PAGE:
- Write out everything; as we’ve seen above with the “Vatican II” example, abbreviations are accidents waiting to happen. For example, instead of ¨Q1 16,¨ write out what you will actually say: “ First quarter of two thousand sixteen.¨ This is especially true when speaking of monetary units: $0.7 m does not belong on a teleprompter; writing instead ¨700-million-dollars¨will ensure you say the correct number. For example, one of our clients (a French executive we worked with) used to write some unfamiliar English words, focusing on how he could make them sound right, so he would not have to remember their pronunciation. For example, he would write “Positive” like that “pausitive” or “paper” like “pépeur”
- Energy, inflection, gestures are part of the presentation – remember eye contact, gestures, inflection, lest you look like a deer caught in the headlights, staring at the audience. Mark up your Teleprompter text to remind yourself of inflections and emphasis. For example: “What is the answer to our problem? //Well…by working hard//…we can overcome these difficulties.” The underlines will help you emphasize the right words as you read them.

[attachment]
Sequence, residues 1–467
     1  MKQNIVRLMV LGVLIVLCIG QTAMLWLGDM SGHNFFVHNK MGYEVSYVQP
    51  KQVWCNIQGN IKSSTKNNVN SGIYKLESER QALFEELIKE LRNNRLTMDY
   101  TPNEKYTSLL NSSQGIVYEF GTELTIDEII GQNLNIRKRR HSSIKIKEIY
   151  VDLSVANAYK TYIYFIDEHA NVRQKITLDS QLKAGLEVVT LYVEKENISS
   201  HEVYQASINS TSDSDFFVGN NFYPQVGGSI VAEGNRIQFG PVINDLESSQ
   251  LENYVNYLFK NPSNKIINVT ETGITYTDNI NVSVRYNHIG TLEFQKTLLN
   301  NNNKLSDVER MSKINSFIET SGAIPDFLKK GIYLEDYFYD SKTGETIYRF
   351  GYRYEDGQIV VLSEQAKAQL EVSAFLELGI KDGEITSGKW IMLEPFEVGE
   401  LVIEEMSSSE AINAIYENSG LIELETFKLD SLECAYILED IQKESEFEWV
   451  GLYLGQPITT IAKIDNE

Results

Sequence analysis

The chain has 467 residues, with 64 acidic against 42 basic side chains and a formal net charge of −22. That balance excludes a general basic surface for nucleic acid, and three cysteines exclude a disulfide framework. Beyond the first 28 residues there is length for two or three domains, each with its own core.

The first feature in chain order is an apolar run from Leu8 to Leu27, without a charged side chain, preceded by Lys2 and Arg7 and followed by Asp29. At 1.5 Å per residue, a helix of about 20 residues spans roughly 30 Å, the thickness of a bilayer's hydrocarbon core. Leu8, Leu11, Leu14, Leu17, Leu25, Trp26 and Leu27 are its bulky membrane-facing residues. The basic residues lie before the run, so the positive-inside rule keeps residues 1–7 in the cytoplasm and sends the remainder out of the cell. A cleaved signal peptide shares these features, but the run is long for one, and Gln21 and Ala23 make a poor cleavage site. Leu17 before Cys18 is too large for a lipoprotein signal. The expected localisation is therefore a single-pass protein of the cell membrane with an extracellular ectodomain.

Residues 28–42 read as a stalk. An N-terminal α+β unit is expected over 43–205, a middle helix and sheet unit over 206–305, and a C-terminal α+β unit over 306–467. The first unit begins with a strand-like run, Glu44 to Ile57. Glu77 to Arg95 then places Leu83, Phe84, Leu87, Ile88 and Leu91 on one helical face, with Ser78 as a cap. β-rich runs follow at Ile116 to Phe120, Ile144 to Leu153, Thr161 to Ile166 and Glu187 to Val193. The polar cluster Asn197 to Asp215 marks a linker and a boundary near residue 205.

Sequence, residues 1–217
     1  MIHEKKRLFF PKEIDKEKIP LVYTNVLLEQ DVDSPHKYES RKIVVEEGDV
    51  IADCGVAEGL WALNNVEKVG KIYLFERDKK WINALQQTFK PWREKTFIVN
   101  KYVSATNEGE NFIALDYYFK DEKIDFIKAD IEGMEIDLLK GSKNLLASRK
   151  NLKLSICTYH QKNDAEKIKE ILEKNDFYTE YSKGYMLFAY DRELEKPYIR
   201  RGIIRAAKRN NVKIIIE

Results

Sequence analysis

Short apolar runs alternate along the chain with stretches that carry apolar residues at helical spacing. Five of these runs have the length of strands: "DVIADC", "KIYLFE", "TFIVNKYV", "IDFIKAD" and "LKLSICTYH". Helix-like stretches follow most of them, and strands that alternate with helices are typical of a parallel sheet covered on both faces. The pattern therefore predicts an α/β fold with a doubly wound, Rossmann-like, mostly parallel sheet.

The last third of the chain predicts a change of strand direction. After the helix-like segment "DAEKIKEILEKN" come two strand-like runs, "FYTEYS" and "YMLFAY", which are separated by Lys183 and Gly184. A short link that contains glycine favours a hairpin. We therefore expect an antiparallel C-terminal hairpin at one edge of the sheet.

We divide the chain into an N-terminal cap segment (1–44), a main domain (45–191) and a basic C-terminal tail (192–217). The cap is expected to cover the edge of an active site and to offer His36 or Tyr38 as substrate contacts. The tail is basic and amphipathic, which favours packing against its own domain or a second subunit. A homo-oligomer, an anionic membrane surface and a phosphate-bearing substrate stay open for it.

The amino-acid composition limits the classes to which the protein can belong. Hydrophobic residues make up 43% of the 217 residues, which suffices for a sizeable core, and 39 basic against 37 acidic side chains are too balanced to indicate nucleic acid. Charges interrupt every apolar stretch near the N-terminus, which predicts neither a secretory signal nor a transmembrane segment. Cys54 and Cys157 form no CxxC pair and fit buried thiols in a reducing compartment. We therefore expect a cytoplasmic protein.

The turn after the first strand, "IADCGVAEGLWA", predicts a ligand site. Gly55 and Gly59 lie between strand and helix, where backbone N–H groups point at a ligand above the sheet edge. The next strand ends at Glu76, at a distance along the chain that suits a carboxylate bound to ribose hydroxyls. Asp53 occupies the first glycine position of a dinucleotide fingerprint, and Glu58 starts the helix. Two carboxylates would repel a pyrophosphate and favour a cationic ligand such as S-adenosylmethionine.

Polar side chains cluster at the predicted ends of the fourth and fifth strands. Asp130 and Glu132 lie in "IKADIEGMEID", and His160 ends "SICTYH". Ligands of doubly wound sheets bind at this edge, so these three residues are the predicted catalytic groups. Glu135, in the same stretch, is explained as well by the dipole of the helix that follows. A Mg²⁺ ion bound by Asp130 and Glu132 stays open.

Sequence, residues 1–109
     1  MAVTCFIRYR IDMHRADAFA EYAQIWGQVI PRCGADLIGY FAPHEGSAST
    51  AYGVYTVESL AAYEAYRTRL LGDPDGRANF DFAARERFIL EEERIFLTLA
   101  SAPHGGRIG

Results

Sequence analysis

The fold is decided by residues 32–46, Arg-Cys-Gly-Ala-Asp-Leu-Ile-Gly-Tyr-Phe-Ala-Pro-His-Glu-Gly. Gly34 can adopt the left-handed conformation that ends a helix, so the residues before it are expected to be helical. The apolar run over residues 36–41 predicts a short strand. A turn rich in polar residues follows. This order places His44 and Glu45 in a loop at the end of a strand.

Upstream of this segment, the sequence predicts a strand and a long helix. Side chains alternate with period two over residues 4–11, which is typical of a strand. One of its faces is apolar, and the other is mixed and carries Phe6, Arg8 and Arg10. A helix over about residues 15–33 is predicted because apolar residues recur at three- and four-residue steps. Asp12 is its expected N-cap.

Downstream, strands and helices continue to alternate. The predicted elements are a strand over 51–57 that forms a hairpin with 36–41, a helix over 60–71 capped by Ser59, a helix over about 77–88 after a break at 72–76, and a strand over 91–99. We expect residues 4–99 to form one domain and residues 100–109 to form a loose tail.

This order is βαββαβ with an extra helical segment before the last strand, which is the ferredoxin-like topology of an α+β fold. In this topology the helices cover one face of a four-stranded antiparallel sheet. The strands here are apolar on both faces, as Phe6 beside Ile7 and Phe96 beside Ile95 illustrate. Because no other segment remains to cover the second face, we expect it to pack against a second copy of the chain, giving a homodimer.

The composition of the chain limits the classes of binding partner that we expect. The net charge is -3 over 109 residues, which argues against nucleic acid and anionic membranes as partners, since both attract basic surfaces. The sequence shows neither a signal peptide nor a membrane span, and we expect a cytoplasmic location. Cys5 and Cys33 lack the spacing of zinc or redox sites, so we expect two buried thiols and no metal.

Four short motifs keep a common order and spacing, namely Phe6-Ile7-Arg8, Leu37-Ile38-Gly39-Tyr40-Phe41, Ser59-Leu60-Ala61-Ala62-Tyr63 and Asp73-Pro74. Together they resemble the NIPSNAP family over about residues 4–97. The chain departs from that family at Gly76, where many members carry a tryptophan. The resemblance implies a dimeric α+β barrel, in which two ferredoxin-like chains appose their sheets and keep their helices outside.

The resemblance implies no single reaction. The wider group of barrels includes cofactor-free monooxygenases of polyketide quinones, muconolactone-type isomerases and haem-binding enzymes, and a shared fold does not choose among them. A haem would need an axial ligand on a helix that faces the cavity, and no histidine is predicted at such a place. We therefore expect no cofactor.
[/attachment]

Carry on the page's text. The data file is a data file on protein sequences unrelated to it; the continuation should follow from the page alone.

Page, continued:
- Set your own pace You will also likely have an operator scrolling your teleprompter for a corporate presentation. It is vital that you and the operator rehearse together so he/she gets used to your speed of delivery. The operator should be following your pace, not the other way around.
Here are some thoughts to consider about when to use a Teleprompter, and then what kind of Teleprompter to use.
- The information you want to communicate. A long speech (anything over 10-minutes) will be too much to memorize and may cause you to worry more about the words themselves rather than what you are trying to say. Communicating detailed information or numbers requires written support. Looking down at hand-held notes, in this case, may be distracting to the audience, and the up-down movement of your head could result in misreading the information.
- Your audience and the size of the room. Using a Teleprompter in a small room with perhaps a dozen people is just not necessary. For one thing, the apparatus will be too apparent; technology could create a barrier between you and the audience. But in a large group in a large auditorium, when you want to reach out in a personal, yet controlled way, a Teleprompter can help you connect because your eyes will be focused on the audience ( cf. Obama’s speeches).